Along with adhering to regulatory requirements, the protection of intellectual property rights, especially patent rights, is increasingly becoming an essential aspect of the development of medical devices. This is in sync with the global trend of increasing the number of patent applications which are filed in order to protect the IP associated with medical devices. For the years from 2015 to 2018, the most significant number of patent applications was filed in the domain of medical devices and healthcare from India in the US. India, being a signature to the Trade related aspects of Intellectual Property Rights or the TRIPS agreement, has made necessary amendments to the Patent Act of 1970 to have it conform with the obligations of the TRIPS Agreement, including granting of product patents for various fields, including medical devices and pharmaceuticals.
Article 27, Clause 3(a) of the TRIPS agreement says that a member state is allowed to exclude therapeutic, surgical and diagnostic methods of treating animals or humans from the school subject matters which can be patented. There is a twofold reason for excluding treatment methods from patentability. Firstly, the whole process of removing the pathological condition from the body was not considered something which can be said to have an “industrial application”. The second and the most prevalent reason just keep a medical professional can provide the best treatment available to an individual without the constant fear of infringing another’s patent. However, it is of vital importance to mention that the above mentioned exclusion is not directory but discretionary, and members can choose to keep treatment methods as a subject matter for patentability in their jurisdiction.
The United States is an example offer a member state which chooses to retain treatment methods as patentable. Medical devices, as well as medical treatment methods, are patentable in the United States. Furthermore, unlike the European patent law, the US law does not differentiate between diagnostic and various other treatment methods when it comes to enforceability or patentability. Every medical method of treatment is considered patentable. However, in order to keep the reason for the exclusion of the treatment method, patents for the treatment method shall not be enforced against licensed medical professionals or any medical entity. It is also important to note that this immunity shall not be extended to companies and technicians who are involved in the domain of diagnostics during medical treatment. When a medical device is granted a patent, neither can it be manufactured nor can it be sold without the consent of the patentee in a free market. However, the performance of a medical activity by a medical professional shall not amount to infringement. Article 53 Clause 3 of the European Patent Convention excludes diagnostic, surgical therapeutic methods of treatment from patentability.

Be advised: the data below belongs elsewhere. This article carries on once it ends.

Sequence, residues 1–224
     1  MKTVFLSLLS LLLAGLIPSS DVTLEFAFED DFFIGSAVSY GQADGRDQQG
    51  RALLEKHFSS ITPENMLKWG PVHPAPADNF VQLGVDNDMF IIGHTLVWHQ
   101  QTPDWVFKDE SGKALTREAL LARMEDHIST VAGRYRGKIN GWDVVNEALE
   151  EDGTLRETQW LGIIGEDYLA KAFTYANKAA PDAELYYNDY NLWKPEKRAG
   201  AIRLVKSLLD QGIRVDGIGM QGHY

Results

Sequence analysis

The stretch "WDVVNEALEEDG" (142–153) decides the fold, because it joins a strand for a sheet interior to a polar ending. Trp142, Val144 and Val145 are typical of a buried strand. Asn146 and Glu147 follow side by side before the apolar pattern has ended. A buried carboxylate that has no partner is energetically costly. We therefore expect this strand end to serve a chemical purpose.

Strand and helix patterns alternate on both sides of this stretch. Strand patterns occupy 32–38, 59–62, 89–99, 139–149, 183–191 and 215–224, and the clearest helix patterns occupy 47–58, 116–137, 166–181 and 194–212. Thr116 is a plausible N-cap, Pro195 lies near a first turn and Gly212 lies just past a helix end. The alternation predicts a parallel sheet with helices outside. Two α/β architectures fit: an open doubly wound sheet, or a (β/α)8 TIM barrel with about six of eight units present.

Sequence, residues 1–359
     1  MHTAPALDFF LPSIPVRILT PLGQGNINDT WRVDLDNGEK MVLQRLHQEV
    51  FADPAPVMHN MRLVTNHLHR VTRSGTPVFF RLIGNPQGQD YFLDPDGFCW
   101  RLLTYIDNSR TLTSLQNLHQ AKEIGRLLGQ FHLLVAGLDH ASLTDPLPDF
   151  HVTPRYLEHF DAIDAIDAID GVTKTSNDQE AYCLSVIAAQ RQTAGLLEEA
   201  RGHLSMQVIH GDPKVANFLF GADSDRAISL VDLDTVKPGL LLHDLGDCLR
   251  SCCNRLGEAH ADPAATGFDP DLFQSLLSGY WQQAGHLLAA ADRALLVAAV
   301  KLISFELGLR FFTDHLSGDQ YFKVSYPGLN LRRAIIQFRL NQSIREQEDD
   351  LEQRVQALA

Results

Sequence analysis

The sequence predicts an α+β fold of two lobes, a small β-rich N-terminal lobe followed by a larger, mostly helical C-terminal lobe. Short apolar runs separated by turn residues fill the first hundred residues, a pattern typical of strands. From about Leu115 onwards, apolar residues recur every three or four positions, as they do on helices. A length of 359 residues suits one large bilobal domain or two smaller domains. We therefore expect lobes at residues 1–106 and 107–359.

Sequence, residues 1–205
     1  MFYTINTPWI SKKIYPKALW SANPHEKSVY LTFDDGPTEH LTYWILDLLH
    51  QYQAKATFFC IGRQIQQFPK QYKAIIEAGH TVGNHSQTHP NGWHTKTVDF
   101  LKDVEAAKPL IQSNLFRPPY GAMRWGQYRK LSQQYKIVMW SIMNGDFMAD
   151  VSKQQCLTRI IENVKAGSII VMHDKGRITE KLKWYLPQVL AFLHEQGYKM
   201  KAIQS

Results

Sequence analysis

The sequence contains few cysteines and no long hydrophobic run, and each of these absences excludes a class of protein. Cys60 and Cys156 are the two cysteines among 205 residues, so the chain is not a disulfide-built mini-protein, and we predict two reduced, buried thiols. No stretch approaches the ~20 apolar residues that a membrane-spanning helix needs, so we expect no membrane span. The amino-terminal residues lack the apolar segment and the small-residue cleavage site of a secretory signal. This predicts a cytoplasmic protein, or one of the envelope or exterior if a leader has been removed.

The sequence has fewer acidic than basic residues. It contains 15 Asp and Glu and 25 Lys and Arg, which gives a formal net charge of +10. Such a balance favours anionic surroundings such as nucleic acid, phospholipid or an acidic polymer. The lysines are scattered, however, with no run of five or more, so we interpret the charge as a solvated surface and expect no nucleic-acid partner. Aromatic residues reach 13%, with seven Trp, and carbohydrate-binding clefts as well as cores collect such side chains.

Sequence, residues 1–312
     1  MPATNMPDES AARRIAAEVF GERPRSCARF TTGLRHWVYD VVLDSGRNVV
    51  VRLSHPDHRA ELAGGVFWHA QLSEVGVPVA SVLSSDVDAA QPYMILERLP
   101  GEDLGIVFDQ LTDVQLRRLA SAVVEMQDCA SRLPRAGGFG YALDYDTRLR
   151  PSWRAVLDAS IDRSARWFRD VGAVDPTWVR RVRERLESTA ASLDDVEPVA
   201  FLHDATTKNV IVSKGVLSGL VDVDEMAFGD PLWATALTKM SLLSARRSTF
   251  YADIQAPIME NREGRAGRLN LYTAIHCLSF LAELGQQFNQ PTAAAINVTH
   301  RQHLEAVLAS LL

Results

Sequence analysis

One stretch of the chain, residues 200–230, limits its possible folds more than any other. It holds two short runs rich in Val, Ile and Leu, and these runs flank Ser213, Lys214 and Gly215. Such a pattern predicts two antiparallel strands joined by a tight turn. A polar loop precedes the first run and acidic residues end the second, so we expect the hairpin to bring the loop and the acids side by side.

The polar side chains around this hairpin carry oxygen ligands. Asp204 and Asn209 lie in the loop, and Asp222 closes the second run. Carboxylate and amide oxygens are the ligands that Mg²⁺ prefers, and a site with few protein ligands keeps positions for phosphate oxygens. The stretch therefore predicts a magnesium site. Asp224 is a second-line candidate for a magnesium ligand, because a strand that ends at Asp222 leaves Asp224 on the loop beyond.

Section 3(i) of the Patents Act of 1970 is often considered an objection against the patentability of medical devices along with the process or method of operation of such devices. The jurisprudence and interpretation pertaining to this particular provision in India are at a nascent stage, with there being limited case laws on the subject. Patent offices and courts have often granted protection or any other relief to a patent in cases pertaining to diagnostic devices, syringes, inhalers and other similar medical devices on the reasoning that it does not pertain to the process for medical treatment. However, this particular area may soon become extremely contentious in the future in patent litigations because of the rising number of patent applications in relation to medical devices and the increased use of artificial intelligence or robotics and performing varied functions in the field of medical treatment.